Wilson became the first female to permanently lead the Aurora Police Department when she got the job in August 2020. At the time, the department was looking to regain public trust following a tumultuous year since the death of McClain, whom officers stopped on the street and put into a chokehold.
Wilson, who is white, has 23 years of experience with the Police Department in Colorado’s third-largest city, a diverse community east of Denver. She got the job over three other nationwide finalists — all Black men.
Colorado’s Legislature passed a bill last year that, among other things, requires all officers to use body cameras by July 2023, bans chokeholds, limits potentially lethal uses of force and removes qualified immunity from police, potentially exposing officers to lawsuits for their actions in use of force cases.
The 2020 law also bars police from using deadly force against suspects they believe are armed unless there is an imminent threat of a weapon being used. It requires officers to intervene when seeing use of excessive force by colleagues and to report such cases to superiors.
Lawmakers strengthened that law this year to, in part, encourage more officers to use their body cameras and promote “de-escalation techniques” in police encounters.
Wilson said she moved quickly to put the officers on leave and release the body camera footage to shed light on an incident she said is “anomaly” in a department trying to do better. She apologized to the man who was beaten up.
“This is not the Aurora police department,” Wilson said. “This was criminal.”
From The Tumalo Lookout:
Here’s a photo of Chief Wilson as she tries to spin-doctor it all for public consumption:
“This is not police work. We don’t train this.”Aurora Colorado Police Chief Vanessa Wilson, in a news conference, Tuesday, July 27, 2027
Bullshit, Chief Wilson. Bull. Shit. Make that, pig shit. Yeah: Pig. Shit.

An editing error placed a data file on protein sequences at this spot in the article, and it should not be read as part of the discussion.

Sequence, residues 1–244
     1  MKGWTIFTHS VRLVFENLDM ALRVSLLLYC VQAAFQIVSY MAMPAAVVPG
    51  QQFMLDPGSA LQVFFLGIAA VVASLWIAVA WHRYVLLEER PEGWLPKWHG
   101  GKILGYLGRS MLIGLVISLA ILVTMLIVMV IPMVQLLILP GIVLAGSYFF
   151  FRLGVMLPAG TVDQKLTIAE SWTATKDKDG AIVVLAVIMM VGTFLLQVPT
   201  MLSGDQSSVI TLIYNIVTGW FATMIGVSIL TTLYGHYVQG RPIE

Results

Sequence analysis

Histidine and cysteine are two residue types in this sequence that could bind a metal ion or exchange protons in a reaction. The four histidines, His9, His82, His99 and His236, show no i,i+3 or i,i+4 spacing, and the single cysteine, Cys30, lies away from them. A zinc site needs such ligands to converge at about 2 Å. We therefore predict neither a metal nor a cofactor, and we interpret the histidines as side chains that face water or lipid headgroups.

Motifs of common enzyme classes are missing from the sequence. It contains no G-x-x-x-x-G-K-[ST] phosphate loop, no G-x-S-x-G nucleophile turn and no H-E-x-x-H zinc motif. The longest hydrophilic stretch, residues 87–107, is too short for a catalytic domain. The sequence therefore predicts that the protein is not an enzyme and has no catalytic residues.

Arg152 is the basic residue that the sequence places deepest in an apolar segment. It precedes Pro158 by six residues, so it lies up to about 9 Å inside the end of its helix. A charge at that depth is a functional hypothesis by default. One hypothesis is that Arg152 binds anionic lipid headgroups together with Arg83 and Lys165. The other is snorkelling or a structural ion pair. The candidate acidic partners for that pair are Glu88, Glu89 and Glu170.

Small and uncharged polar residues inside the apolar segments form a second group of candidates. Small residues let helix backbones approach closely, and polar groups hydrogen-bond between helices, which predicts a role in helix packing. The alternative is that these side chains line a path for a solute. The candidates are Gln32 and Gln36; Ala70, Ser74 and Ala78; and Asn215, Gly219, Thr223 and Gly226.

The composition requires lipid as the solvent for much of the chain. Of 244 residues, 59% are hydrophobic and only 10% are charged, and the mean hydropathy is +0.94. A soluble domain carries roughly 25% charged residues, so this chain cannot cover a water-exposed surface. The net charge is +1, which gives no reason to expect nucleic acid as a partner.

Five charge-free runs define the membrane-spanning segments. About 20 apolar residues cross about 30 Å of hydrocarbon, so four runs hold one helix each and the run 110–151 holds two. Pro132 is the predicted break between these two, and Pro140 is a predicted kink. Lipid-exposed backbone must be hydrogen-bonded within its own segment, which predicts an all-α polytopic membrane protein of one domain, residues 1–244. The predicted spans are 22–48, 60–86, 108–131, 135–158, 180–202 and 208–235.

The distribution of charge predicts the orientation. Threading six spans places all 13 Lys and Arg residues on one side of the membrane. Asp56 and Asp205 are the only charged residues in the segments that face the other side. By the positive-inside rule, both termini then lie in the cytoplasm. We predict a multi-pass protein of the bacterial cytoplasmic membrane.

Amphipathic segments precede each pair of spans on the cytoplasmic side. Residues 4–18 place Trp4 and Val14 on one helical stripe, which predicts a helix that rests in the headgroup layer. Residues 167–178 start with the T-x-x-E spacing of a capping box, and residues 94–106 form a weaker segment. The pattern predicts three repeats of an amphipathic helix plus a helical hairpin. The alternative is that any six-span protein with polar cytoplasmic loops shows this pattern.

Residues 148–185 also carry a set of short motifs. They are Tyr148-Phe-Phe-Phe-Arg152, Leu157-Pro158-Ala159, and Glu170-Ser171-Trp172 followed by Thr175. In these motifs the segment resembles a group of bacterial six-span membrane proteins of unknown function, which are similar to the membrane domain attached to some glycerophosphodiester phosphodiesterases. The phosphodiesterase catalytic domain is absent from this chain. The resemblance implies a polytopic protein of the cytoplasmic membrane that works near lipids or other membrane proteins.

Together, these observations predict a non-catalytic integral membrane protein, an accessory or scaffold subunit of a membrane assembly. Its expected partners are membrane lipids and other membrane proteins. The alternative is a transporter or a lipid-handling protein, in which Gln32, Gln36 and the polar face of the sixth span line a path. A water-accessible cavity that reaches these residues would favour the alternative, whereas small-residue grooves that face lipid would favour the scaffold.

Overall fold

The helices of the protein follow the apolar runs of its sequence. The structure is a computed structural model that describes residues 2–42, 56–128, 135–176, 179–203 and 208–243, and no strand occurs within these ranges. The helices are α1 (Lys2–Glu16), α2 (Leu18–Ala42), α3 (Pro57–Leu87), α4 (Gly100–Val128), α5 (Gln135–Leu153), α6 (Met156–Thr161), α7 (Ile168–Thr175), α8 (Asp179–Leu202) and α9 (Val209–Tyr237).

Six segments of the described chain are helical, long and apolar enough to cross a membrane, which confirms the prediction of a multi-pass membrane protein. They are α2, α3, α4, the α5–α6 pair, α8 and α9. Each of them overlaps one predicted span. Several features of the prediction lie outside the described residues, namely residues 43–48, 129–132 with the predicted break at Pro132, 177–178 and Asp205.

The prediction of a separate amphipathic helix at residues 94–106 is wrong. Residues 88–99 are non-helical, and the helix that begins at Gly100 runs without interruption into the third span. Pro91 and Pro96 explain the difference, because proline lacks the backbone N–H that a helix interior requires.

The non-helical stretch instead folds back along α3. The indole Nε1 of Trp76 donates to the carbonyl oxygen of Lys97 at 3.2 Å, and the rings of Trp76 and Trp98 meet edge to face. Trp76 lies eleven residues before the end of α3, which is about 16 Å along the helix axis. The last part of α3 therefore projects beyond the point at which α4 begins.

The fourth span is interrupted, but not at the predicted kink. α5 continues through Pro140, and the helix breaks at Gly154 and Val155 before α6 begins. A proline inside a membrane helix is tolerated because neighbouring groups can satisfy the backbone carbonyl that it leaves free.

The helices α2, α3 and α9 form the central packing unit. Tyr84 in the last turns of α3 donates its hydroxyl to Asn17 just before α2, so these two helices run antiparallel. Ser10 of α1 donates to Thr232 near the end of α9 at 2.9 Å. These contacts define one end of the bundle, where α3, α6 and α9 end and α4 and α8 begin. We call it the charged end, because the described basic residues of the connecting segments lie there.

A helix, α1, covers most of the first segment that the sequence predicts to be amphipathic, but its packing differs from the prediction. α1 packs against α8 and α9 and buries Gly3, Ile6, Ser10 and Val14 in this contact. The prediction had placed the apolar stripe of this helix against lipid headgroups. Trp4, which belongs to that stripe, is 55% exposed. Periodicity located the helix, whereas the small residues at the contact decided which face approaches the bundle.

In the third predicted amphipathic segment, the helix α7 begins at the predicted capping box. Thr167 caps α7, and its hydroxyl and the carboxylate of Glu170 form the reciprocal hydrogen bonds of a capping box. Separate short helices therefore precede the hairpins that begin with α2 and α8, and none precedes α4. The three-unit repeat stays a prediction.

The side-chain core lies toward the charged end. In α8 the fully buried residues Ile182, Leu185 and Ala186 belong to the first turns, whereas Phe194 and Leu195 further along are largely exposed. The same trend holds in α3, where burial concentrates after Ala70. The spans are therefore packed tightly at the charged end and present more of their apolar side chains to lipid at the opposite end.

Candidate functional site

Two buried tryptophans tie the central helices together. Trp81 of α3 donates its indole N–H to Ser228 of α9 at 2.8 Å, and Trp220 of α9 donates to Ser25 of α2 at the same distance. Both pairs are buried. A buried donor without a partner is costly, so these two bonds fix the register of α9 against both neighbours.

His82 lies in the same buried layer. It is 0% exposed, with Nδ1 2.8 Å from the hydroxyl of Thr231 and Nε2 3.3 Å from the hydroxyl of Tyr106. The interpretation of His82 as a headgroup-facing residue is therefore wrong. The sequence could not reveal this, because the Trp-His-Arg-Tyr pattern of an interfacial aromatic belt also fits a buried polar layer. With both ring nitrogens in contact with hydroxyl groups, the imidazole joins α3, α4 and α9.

Why I am not believing you, Sow Wilson?
Oh yeah: Because that’s a shit-sack full of lies.
This is exactly the kind of brutality that’s taught in cop culture, generation after generation. It begins right after every cop graduates from the Academy, and it never ends till they retire or die out.
Then again, though, it’s probably true that racism and brutality just come naturally to the whole damned police force in Aurora Colorado.
Which begs a few questions, like: who’s responsible for hiring all of these pieces of shit in Aurora’s City Pig Sty?
And who’s responsible for promoting the supervisors and command staff that so clearly condones and protects the criminals in your department?
And here’s another question: How come, with three well-qualified, Black candidates, you — a Whitey who’s been part of the Aurora PD problem for 23 years — got the job instead? Your force clearly doesn’t respect you, and you clearly aren’t a strong enough chief to put an end to this shit. I guess I’ll just chalk it up to the City having to choose between “the lesser of two evils” for their latest chief: a well-qualified Black outsider, or an White insider woman. A woman, or a Black man. Well, maybe we can handle the little woman easier than an uppity Black man.
Boy, I bet that choice eats in somebody’s craw to this very day, doesn’t it.
And another thing. Just where does the buck stop, anyway?
(That last one’s a rhetorical question, Chief Wilson: “everybody knows,” no cop worth their Trump vote ever accepts responsibility for anything that goes wrong. It’s always “the Libs” and “the Press,” isn’t it?)
There’s one thing I do know, Chief Wilson:
This kind of brutality, misconduct, and betrayal of the public trust is no “anomaly.” You’re boss hog in a small-time, racist pig pen full of criminal swine with badges and guns, and they are all-too typical of American cops.
How the hell do the good cops put up with this kind of shit among their own colleagues, day in and day out? How do good cops look citizens in the eye and not feel shame and humiliation for letting it happen, year in and year out? (It’s just another rhetorical question. Everybody knows: cops have no morals, no ethics, and no shame.)
At least there’s honor among thieves. Not so with too many cops, I think.
All together now, let’s hear it from the Aurora cops’ union:
“Nothing they did was against policy.”
(“And The Law doesn’t apply to us.”)